The next week Fred and I did the first Wintario show in Sault Ste. Marie. I was nervous. What if I make a mistake? What if I forget where I am? This was live TV, and I didn’t want to make a fool of myself. And I was still in awe of Fred Davis. When I began to walk out on stage, however, and the negative thoughts entered my head. I replaced the negative thoughts with positive ones: This is going to be the best show ever, I told myself. You are going to just shine!

My positive thinking worked. It was a good show, Fred and I were great together, and I began to realize that night just how wonderful a man he really was. Fred has since passed away, but he was a great friend for many years.

At that time, 85 percent of Ontario households bought lottery tickets, so on Thursday nights, everyone tuned in to the show. With the proceeds of the lottery, Wintario helped build community centres, arenas and art galleries. And the people in small towns throughout Ontario just loved us.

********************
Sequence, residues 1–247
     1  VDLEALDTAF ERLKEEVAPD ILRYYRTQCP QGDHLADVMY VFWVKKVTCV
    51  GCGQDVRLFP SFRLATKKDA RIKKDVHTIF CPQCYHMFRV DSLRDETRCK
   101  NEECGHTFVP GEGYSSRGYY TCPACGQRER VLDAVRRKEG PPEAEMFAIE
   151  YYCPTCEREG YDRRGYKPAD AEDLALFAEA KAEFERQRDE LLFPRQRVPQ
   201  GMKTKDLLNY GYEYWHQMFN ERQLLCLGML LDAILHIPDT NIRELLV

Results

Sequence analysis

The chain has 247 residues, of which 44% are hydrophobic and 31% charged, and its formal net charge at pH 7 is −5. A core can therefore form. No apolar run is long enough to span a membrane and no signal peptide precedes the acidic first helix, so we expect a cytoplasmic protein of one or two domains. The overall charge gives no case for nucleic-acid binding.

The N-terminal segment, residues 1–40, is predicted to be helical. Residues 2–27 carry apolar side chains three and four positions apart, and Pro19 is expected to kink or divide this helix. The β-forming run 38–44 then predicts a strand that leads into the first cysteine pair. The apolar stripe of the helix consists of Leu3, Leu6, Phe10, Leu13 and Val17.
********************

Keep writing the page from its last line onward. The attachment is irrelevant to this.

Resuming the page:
During that first show, I thought of my parents at home watching, and said to myself, Look at me now, Dad! My parents later came to any shows nearby, but that first show in Sault Ste. Marie was just too far.

That was the beginning of the weekly travelling show that Fred and I did for the next twenty-two years. Altogether, I did 660 shows.

During the early years of Wintario, I also hosted a talk show and had about twenty commercials running at the same time. I had a lot of TV coverage. My dad would often say, “Faye, I knew all along you had this in you.”

When people came into his store he would ask, “So, did you watch Wintario last night? Did you see my daughter?” He talked to everybody about me being on television. I would hear about this from my mother, who is more quietly proud of me. When my parents went to Florida, dad would say, “I see you have Ontario license plates on your car. Do you watch Wintario? Well, that’s my daughter!” That’s how proud he was.

From Wintario, everything happened for me. I did a talk show at Global, I hosted the National Santa Claus Parade for fifteen years, I did hundreds of television commercials, a number of movies, training videos, travel shows and a business show. And everything came from finding the courage back in 1975 to make that one phone call.

Faye Dance
Etobicoke, Ontario